How To Grow Potatoes In a Container

Written by: Lars Nyman

How to grow potatoes in a container

How to grow potatoes in a container

Ever thought about how rewarding it would be to harvest your own potatoes? Great news, you don't always need sprawling acres of farmland to do so! Welcome to our guide on how to grow potatoes in a container. Even with space limitations or an unfriendly soil in your backyard, container gardening can be a perfect solution. Growing your spuds in pots not only provides you with a chance to garden in small spaces, but it also makes the growing process somewhat easier to manage. In the next few paragraphs, you'll find everything you need - from choosing the right container and soil to cultivation techniques, harvest times, and even potential potato pests. Dive in to discover the simple satisfaction of pulling your own potatoes right from your balcony or patio. Let's dig in together and learn how to turn a humble tuber into a bountiful crop.

Cheatsheet: How to grow potatoes in a container


Choose a container 🌱 with drainage holes and at least 10 inches deep.

Select seed potatoes 🥔 certified disease-free, with 2-3 sprouts per piece.


Fill container 🌱 with potting soil, leaving 4 inches from the top.

Plant seed potatoes 🥔 with sprouts facing up, 6 inches apart.


Water 💦 regularly, keeping soil moist but not waterlogged.

Add soil 🌱 around plants as they grow, leaving only the top leaves visible.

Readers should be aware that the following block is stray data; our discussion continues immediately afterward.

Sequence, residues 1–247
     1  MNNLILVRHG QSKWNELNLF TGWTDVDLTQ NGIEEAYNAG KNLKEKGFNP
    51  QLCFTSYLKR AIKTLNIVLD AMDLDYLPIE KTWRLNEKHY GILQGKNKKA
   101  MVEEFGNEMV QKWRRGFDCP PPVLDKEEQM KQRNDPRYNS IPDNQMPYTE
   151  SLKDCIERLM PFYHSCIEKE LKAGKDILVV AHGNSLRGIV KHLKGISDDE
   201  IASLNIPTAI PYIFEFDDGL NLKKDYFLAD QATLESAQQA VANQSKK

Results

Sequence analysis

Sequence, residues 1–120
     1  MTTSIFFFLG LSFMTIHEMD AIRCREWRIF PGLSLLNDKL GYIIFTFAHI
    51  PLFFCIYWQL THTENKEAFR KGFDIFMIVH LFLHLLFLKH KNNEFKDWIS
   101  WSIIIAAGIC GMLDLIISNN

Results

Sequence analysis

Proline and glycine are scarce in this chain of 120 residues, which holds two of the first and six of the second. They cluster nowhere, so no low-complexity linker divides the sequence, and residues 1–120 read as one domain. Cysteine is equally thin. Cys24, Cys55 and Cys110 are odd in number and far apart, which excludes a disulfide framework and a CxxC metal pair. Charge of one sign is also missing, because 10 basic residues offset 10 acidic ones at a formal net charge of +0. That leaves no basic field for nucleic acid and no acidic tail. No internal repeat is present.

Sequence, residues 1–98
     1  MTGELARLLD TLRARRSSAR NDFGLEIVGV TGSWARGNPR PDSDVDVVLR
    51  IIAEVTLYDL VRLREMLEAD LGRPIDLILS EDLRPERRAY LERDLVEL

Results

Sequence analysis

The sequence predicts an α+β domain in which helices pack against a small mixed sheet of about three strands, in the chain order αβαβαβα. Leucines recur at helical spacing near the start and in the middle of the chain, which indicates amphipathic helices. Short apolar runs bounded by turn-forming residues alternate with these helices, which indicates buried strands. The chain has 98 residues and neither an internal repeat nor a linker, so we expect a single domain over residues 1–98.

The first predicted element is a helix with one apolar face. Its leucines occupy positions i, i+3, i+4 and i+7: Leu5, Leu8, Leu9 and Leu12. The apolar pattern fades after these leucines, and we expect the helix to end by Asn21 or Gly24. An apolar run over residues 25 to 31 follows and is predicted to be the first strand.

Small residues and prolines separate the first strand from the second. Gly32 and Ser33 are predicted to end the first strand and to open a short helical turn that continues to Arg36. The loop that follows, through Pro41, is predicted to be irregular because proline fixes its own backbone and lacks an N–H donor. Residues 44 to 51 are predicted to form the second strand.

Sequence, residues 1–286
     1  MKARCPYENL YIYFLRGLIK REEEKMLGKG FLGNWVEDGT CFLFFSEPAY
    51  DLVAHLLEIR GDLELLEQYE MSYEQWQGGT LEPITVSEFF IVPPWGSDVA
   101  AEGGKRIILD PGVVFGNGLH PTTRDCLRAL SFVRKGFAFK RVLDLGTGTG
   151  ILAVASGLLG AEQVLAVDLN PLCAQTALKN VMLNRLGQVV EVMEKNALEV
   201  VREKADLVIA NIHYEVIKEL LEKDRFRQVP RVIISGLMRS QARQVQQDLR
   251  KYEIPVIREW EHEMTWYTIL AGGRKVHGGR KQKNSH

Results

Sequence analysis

Wait ⏳ 10-12 weeks until foliage turns yellow and dies.

Harvest 🥔 by carefully dumping out the container and collecting potatoes.


  • Choose a sunny spot ☀️ for your container to maximize growth.
  • Fertilize 🌿 regularly to promote healthy potato growth.
  • Protect from pests 🐛 using organic deterrents or netting.

Choosing the Right Container

So you want to grow potatoes in a container, huh? Well, my friend, you've come to the right place. Let's dive right in and talk about the first step: choosing the right container.

When it comes to growing potatoes, bigger is better. You need a container that's deep enough to allow your spuds to grow nice and tall. I recommend a container that's at least 20 inches deep, but the deeper the better! Remember, potatoes like to stretch their legs.

Now, the material of the container doesn't really matter. You can go for plastic, clay, or even repurpose an old wooden crate. Just make sure that whatever material you choose, it has good drainage holes. Trust me, soggy potatoes are not a sight you want to see.

Choosing the Right Potatoes